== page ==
Energy is ubiquitous in modern society. The trick is shuttling it to places and applications where it can be exploited most effectively. Here are seven devices that could one day help conserve power and smooth out surges on the grid.
1. Frozen Foods. While flowers, vegetables and fresh meats can be harmed by freezer burn, it’s difficult to hurt frozen pork chops. It’s even more challenging to lay a scratch on the average rock-hard Spicy Jalapeno, Bean and Cheese Chimichanga from a convenience store freezer case. If Agatha Christie had lived in El Monte, California, she'd have had a character use a Hungry Man Pot Pie as a murder weapon.
EnerNoc, along with Bonneville Power, will conduct a trial to determine whether it can store power by exploiting cold storage facilities. Right now, solar and wind farms often produce power when it’s not wanted, i.e., at night or during times when an overabundance of power exists. Under the power shifting plan, the cold storage facility would take the power opportunistically, run their compressors more aggressively at the time, and plunge their meats into the sub-zero range. When the excess power ceased, or when a demand response event emerged, the compressors could be shut off. You could even give away the power because of the savings in peak power.
The frozen foods would subsequently rise back to their comfortable 32 degrees Fahrenheit level.
2. Old Books. Book storage facilities rely on cool air too, so the compressors can be gauged to float with the price and quantity of available power, said Sila Kiliccote, Commercial Sector Demand Response Lead at Lawrence Berkeley Lab during a recent field trip by GTM to the lab.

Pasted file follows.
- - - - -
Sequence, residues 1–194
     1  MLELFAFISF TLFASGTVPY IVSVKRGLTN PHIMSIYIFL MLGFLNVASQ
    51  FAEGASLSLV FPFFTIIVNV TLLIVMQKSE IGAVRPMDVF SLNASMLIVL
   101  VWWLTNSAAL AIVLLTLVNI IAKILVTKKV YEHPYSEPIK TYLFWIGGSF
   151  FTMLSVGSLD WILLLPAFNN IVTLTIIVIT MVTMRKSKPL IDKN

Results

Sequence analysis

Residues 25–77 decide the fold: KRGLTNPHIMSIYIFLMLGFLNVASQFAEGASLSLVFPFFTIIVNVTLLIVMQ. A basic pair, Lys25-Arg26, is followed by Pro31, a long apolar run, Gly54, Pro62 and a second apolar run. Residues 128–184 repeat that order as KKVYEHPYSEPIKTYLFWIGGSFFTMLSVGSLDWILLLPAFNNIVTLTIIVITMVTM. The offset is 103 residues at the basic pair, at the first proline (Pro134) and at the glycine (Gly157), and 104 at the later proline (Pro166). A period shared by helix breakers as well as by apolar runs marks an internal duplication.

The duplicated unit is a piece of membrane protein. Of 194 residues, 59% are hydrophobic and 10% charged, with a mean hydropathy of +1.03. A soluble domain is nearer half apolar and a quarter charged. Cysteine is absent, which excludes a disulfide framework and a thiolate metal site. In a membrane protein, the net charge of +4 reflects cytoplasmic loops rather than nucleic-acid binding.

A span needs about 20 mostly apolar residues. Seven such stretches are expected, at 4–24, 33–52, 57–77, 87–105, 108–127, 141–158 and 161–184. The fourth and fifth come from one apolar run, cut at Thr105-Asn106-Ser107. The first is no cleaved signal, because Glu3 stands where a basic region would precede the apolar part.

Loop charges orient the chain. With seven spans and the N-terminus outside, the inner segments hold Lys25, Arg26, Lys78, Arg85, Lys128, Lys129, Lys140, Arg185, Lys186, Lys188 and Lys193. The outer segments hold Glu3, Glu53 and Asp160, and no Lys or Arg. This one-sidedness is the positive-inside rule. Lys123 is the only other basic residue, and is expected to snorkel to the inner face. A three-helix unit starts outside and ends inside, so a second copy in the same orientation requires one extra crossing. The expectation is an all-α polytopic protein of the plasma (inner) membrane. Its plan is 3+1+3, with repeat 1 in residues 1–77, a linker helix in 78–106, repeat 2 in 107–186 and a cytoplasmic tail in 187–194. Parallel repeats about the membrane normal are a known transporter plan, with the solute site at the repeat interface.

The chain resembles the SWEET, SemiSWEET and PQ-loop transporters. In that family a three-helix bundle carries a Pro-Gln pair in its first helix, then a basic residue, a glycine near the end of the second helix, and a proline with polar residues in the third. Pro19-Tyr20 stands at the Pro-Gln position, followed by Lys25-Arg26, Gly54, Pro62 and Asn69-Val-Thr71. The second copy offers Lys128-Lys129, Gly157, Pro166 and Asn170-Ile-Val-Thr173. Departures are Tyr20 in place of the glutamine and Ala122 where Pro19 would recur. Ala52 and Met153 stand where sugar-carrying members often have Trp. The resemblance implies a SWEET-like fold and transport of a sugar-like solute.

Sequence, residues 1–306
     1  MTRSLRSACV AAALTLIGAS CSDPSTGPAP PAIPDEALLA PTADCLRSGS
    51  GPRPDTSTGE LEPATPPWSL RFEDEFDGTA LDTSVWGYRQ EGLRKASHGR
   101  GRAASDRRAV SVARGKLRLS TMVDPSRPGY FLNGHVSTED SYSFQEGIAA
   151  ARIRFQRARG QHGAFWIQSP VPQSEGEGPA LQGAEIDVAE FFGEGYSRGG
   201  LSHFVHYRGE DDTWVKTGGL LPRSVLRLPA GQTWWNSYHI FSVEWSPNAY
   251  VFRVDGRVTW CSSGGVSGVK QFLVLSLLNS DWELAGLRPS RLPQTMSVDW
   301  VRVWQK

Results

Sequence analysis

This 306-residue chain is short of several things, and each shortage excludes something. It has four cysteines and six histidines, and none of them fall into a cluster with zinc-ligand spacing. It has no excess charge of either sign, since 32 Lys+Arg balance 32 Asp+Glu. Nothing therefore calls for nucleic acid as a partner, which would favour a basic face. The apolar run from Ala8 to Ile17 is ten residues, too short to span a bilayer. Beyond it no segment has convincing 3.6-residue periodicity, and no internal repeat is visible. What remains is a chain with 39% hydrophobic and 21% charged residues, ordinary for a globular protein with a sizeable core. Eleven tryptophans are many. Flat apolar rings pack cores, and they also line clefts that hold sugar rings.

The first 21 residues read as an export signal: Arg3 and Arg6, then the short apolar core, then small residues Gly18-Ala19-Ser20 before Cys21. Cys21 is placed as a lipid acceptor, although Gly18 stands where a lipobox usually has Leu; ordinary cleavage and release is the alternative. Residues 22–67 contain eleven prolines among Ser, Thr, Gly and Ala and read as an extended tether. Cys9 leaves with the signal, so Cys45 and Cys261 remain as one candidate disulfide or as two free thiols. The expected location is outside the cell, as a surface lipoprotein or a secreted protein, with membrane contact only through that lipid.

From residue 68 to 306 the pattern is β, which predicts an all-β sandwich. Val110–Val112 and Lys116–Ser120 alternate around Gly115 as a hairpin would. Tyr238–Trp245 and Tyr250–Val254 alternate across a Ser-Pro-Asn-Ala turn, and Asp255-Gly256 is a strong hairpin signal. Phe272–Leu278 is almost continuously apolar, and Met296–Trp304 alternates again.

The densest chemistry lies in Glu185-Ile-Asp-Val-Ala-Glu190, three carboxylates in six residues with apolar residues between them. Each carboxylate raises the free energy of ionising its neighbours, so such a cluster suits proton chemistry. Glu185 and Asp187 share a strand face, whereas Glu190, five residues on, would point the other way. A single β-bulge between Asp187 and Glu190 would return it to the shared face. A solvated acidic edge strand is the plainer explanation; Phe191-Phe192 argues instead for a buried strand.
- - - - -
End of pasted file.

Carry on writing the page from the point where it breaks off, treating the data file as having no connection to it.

Air conditioning and refrigeration consume 13 percent and 4 percent, respectively, of the total energy consumed in commercial buildings and 13 percent and 7 percent of energy consumed in homes. Homes and commercial buildings account for 39 percent of all energy consumed in the U.S., according to the EIA and DEO. Ergo, compressor-powered devices account for 4 percent to 8 percent of all of our power.
3. Natural Disasters. Disaster recovery services, provided by companies such as Sungard, represent a multibillion-dollar industry built on waiting for the worst. When an earthquake halts your San Francisco datacenter, applications get rolled over to the backup center in Oklahoma.
Is it possible to start rolling applications to save money? People are looking into the idea, said Grilish Ghatikar, dynamic pricing and demand response standards and codes lead at Lawrence Berkeley.
Power Assure and other datacenter management startups have talked up the concept of rolling applications from place to place to conserve power. While it sounds dreamy and complex, it’s becoming more practical.
4. FM Radio. Home automation has yet to become widespread, in part, because of the cost of retrofitting thermostats and appliances for demand response services and automation. It can cost $300 to incorporate basic automation into a home. Commercial automation has gone farther, but most small businesses do not participate in demand response programs and most don’t have building management systems.
The Sacramento Municipal Utility District has been testing a Radio Data System (RDS) in 78 commercial establishments. In this trial, SMUD sends a signal, via FM radio, to thermostats in 78 commercial establishments that effectively turns down the air conditioner.
The RDS signals travel only one way. Users can’t provide feedback, but it’s cheap. SMUD only had to install one RDS server and ongoing service only costs $500 a month.